Russia said on Tuesday it launched “mass” strikes on Ukraine hours ahead of a G7 meeting expected to condemn an earlier missile blitz that Kyiv’s allies said was a mark of Moscow’s desperation.
Officials in Ukraine’s western region of Lviv said at least three Russian missiles targeted energy infrastructure and the mayor of the region’s main city, also called Lviv, said about one-third of the city was without power.
Russia’s Defence Ministry confirmed the attacks saying it had carried out massive strikes using long-range and high-precision weapons and that “all assigned targets were hit”.
The G7 meeting comes a day after Russian missiles rocked the Ukrainian capital for the first time in months. President Volodymyr Zelensky was defiant, warning his country “cannot be intimidated”.
Moscow’s forces rained down more than 80 missiles on cities across Ukraine on Monday, according to Kyiv.
Ukraine’s emergency services said on Tuesday that the overall toll had risen to 19 dead and more than 100 people wounded.
The United Nations said on Tuesday the wave of attacks may have violated the laws of war and would amount to war crimes if civilians were deliberately targeted.
Meanwhile Belarus said on Tuesday that a contingent of Belarusian its troops deploying alongside Russian forces was a “purely defensive” grouping whose aim was to defend the borders of the ex-Soviet republic closely aligned with Russia.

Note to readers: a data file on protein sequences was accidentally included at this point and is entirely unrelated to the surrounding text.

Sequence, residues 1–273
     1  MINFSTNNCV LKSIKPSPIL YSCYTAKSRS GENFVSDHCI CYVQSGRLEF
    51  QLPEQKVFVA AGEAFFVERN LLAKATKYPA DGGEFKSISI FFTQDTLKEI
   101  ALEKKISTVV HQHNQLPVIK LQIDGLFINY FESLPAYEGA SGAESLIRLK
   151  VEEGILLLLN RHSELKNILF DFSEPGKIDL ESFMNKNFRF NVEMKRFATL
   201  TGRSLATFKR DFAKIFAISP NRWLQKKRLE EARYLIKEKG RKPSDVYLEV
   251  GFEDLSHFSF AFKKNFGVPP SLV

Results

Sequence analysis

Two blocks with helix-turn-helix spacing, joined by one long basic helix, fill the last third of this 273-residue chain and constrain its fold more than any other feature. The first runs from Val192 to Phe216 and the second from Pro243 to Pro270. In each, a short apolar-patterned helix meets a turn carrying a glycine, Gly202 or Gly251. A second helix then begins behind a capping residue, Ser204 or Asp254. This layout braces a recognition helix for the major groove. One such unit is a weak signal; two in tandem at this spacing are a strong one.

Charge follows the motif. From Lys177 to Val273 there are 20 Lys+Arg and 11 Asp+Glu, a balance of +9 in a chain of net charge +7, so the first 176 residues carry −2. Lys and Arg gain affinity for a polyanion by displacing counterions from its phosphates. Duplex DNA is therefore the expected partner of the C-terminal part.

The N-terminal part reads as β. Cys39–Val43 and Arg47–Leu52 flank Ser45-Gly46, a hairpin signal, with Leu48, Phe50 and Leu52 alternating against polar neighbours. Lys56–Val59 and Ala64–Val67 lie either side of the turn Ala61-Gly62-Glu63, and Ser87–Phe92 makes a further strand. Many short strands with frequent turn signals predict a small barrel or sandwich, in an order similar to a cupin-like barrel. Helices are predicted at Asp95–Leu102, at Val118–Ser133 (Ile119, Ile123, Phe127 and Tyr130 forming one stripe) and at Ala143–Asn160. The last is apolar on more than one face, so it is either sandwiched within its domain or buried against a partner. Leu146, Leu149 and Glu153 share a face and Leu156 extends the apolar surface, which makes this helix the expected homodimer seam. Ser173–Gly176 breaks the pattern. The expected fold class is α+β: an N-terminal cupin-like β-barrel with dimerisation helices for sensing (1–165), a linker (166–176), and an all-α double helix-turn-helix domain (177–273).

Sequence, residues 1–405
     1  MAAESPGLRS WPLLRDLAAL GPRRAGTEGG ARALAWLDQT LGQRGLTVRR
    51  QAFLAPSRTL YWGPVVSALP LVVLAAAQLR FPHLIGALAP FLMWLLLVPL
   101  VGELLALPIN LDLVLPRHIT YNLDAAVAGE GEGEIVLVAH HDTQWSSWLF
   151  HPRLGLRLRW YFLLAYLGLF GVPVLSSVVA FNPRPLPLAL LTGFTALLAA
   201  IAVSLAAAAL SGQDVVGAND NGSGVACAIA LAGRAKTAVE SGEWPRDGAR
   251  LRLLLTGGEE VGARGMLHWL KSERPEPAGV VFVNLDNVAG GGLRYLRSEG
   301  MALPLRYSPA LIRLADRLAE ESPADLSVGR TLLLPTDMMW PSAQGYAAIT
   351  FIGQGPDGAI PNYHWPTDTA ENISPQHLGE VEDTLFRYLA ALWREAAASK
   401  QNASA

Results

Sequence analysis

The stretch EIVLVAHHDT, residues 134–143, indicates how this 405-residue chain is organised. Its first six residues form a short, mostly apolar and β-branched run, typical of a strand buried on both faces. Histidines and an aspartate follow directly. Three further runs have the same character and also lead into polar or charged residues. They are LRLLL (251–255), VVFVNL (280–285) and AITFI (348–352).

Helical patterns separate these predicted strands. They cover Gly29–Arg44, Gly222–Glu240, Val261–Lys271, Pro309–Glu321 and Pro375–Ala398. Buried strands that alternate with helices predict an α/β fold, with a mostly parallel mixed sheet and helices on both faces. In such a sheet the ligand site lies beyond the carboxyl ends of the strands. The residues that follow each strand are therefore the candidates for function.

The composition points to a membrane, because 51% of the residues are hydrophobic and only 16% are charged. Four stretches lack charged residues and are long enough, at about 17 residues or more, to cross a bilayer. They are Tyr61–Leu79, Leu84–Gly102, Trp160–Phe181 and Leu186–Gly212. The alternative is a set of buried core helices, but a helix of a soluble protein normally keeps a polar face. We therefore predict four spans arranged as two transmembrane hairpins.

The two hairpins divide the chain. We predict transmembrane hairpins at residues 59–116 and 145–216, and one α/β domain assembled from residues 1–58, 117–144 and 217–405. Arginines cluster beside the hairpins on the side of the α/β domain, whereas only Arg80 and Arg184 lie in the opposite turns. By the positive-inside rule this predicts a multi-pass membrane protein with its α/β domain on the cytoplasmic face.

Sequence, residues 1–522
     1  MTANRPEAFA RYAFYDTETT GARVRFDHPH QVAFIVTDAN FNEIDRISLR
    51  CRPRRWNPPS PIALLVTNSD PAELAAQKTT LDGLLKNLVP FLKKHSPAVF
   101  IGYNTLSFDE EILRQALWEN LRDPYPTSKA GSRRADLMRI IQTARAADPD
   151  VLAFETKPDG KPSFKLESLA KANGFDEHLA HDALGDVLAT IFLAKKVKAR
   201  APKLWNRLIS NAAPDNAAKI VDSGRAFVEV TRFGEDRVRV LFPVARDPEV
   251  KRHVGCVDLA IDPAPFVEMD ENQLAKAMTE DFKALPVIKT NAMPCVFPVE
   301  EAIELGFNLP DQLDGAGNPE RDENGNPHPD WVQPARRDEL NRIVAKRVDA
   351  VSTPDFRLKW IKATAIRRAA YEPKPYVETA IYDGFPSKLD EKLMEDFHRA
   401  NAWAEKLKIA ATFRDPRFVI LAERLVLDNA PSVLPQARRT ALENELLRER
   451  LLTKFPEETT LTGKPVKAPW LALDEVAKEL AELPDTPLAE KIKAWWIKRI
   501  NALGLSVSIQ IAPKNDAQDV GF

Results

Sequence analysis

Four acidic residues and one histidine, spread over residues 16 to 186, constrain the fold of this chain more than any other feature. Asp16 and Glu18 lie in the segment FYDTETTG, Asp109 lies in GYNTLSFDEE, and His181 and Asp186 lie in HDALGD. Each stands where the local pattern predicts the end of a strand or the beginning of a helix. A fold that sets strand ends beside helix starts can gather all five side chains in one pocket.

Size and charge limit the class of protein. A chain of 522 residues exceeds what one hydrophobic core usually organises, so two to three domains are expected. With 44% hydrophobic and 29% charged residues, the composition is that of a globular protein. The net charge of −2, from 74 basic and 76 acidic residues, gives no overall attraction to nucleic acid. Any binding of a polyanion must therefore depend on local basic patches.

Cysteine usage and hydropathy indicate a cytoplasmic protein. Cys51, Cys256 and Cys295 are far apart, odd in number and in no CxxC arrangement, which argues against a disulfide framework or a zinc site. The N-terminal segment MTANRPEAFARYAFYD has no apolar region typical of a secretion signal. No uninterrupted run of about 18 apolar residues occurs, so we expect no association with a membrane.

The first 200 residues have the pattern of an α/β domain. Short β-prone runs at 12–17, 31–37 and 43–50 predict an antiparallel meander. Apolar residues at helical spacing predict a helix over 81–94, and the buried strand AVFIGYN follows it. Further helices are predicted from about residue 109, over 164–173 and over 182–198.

“We emphasise once again that the tasks of the Regional Grouping of Forces are purely defensive. And all activities carried out at the moment are aimed at providing a sufficient response to actions near our borders,” Belarusian Defence Minister Viktor Khrenin was cited as saying in a statement said.
Earlier this week the strongman leader of Belarus Alexander Lukashenko, who is a close personal ally to Russian leader Vladimir Putin, announced the countries had deployed forces together but did not specify where.
NATO slams attack
Eleven members of NATO’s eastern flank on Tuesday called Russia’s recent bombing blitz across Ukraine a “war crime”, adding that any nuclear threats were “unacceptable”.
We... condemn the mass bombardments of Ukrainian cities recently carried out by Russia, which constitute war crimes under international law,” said the joint statement released by the Polish President’s office.
It was adopted by the presidents of the so-called Bucharest Nine countries, as well as Montenegro and North Macedonia – all members of the Western defence alliance.
The B9 countries include Bulgaria, the Czech Republic, Estonia, Hungary, Latvia, Lithuania, Poland, Romania and Slovakia.
“On behalf of our states we demand that Russia immediately stop attacking civilian targets,” the heads of state said, more than seven months since Russia invaded Ukraine.
The presidents also referenced the thinly veiled threats of using nuclear weapons made by their Russian counterpart Vladimir Putin.
“We find any threats by Russian representatives to use nuclear weapons unacceptable,” they said.
“In this context, we reaffirm our commitment to protect our countries and allies.”